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US Agenices: Freddie and Fannie aren't sovereign

Foreign investors are buying large amounts of US agency debt as a substitute for treasuries. Fannie Mae and Freddie Mac, both publicly listed companies, are expanding their balance sheets and pushing into new markets. But they are not treasury lookalikes. The implications should concentrate the minds of investors. James Smalhout reports.

Dollar bond investors have a problem. America's budget surpluses are slowly killing off the US treasury market. Foreigners hold over 40% of privately held, marketable US treasury debt. That comes to about 18% of America's GDP. Most projections show that all US treasury debt will fall to much less than that within 10 years. And the White House goes even further. It's saying that America's national debt will vanish by 2015.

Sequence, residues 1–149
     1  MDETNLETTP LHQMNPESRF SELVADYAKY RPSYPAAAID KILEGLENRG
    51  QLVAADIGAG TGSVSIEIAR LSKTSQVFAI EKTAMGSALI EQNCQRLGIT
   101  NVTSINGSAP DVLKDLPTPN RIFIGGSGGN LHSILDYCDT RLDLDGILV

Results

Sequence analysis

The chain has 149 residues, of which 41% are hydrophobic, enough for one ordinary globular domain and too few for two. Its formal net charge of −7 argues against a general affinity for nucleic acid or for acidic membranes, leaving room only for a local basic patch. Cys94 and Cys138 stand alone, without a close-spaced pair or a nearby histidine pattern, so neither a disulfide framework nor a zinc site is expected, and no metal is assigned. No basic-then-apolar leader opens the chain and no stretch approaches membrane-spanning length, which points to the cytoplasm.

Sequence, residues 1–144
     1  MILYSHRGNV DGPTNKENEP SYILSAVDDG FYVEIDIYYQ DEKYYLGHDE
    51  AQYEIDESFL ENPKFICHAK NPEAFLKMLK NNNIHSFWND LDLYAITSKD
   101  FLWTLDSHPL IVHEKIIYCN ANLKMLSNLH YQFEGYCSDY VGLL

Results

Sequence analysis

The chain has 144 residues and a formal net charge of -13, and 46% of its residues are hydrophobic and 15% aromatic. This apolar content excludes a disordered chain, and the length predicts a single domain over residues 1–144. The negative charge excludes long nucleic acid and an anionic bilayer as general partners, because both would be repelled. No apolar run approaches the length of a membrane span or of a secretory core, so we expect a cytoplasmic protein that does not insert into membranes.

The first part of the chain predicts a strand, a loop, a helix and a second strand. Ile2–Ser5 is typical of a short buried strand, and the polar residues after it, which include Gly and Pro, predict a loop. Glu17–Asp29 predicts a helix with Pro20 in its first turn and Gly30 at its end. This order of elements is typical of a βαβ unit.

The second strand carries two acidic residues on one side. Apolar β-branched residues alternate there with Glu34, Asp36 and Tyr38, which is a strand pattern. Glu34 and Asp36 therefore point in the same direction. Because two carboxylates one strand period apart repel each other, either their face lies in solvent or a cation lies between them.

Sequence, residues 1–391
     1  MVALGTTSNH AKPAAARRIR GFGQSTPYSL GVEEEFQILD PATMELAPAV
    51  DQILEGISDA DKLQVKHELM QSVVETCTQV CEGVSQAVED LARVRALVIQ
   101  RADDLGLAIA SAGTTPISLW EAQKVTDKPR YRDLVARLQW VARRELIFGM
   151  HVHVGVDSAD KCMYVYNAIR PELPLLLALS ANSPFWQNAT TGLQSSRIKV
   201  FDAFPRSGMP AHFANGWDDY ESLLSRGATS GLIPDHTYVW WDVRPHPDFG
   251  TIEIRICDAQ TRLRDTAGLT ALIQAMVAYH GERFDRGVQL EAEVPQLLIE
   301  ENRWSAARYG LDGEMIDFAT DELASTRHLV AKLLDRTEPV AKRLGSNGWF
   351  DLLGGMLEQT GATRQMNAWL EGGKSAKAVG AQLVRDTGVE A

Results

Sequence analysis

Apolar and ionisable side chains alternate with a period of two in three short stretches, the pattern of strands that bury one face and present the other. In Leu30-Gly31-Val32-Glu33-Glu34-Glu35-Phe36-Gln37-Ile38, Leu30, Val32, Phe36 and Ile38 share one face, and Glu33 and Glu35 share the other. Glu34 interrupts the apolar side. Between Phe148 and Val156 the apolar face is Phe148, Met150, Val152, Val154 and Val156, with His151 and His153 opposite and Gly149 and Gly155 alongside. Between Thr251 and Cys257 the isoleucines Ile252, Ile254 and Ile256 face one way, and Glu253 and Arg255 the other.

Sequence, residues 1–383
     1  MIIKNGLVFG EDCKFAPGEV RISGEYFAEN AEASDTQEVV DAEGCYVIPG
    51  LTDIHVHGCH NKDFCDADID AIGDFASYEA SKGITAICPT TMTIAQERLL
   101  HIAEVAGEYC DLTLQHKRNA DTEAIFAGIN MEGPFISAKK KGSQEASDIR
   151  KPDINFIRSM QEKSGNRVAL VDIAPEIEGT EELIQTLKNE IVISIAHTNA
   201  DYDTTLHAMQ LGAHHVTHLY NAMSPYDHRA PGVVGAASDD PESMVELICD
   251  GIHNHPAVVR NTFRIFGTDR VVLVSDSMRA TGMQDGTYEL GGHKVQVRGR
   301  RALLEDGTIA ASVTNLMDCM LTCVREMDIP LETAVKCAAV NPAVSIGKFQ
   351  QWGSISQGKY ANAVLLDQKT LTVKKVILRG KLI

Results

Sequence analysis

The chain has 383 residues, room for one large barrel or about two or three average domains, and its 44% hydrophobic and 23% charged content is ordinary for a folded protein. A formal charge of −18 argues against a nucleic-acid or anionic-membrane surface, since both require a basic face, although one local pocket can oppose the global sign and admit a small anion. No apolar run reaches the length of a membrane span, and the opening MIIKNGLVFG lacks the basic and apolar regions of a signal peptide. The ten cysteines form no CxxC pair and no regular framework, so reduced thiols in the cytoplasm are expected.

Taking up the slack will be the country's GSEs - or government-sponsored enterprises - which will overtake the US treasury for the first time next year in the amount of debt outstanding in the market.

These issuers are confident that their securities provide a valid alternative to US government securities. "There aren't many issuers worldwide," says Peter Horvath, the director of debt securities marketing at Freddie Mac, "that can provide the combination of volume, regularity, frequency and top-quality credit rating to give the market the characteristics that they're going to seek in US treasury

surrogates."

Freddie Mac - the Federal Home Loan Mortgage Corporation - is America's second-largest GSE. Freddie has signalled that it will issue $40 billion of its so-called reference notes this year, with issuance around the middle of each month.

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